Local officials talk law enforcement challenges

Josh Presley

Due to recent events, such as the Dallas shooting, there has been tension between police and some members of the public nationwide. According to local law enforcement officials, controversies in other parts of the country have an effect on officers locally, be it positive or negative.
West Point Police Chief Tim Brinkley said nationwide events tend to have an almost immediate effect on smaller law enforcement agencies.
“There’s been some tension,” Brinkley said. “When these things happen, such as when it happened in Dallas or Ferguson, the reaction doesn’t trickle down over the course of a few weeks. It happens almost immediately.”
He said patrol officers had to be extra diligent, and that there wasn’t such a thing as a “routine” stop or assignment. ‘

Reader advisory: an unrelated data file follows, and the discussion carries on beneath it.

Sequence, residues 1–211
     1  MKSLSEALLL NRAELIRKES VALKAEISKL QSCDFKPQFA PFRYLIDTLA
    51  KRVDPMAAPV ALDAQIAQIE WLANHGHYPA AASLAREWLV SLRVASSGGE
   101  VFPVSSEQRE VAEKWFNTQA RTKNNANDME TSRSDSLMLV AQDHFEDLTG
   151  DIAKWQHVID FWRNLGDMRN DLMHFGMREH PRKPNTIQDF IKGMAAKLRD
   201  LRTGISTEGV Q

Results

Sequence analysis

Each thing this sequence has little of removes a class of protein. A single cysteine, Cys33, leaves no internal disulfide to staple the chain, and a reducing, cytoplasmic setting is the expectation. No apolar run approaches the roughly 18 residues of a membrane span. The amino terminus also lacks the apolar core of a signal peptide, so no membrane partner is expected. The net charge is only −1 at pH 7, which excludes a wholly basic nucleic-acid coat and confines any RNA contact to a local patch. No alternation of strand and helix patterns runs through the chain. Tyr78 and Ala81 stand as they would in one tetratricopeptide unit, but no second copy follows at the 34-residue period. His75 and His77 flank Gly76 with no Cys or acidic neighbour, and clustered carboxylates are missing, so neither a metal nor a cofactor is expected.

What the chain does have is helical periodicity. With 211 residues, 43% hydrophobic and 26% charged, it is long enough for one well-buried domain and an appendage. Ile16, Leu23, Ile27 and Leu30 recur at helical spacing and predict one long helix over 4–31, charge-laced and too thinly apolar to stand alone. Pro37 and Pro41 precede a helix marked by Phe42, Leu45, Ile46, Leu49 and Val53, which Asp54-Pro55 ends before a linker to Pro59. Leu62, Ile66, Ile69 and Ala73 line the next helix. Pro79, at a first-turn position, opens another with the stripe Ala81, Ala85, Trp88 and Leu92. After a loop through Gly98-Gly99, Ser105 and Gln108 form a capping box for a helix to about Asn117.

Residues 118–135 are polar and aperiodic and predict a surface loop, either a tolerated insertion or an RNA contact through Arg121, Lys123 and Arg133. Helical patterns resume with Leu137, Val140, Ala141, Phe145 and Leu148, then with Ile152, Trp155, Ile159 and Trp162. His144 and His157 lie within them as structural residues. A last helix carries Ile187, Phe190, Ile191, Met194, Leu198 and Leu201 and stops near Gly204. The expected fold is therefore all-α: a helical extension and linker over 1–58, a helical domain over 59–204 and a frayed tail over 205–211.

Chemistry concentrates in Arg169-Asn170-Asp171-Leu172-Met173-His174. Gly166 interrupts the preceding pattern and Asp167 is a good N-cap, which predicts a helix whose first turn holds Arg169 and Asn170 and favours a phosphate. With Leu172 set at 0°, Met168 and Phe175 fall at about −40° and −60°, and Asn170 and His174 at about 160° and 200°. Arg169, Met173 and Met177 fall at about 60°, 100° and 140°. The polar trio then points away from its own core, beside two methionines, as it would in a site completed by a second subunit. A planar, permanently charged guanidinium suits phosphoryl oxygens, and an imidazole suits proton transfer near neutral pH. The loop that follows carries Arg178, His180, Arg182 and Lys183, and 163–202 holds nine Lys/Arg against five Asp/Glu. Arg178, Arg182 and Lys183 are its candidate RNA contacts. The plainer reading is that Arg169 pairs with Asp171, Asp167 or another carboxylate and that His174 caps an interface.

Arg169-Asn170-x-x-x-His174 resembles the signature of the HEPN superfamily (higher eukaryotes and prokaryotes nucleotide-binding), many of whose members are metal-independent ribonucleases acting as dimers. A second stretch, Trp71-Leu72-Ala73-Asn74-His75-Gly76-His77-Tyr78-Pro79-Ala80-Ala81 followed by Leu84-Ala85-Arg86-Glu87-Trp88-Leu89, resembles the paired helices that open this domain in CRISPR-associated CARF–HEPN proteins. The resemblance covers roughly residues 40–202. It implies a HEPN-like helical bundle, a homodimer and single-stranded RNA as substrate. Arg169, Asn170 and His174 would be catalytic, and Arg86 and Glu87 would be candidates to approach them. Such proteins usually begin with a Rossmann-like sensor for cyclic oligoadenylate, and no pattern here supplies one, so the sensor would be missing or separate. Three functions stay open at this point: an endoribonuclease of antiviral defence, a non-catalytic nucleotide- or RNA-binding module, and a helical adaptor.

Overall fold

“I get updates every day, and there was just another police shooting in San Diego,” Brinkley said. “It’s becoming common. Sadly, it’s getting to be an everyday occurrence.”
He said that, despite the tensions nationwide, many local citizens and organizations had been quick to support law enforcement. In the past couple weeks. the local AARP and First Christian Church have both hosted law enforcement appreciation events.
“Thankfully, there seems to be more support in our community than maybe in some others,” Brinkley said.
Clay County Sheriff Eddie Scott said the local community and law enforcement worked well together.
“We live here, go to church here, our kids go to school here,” Scott said. “It’s our community too.”
He said there were good and bad law enforcement officers, but that it was up to the sheriffs and police chiefs to weed them out.
“We carefully screen our hires,” Scott said. “I’m not going to put somebody out there with a badge and a gun if I think they’re going to be a problem.”
See Sunday's Daily Times Leader for more.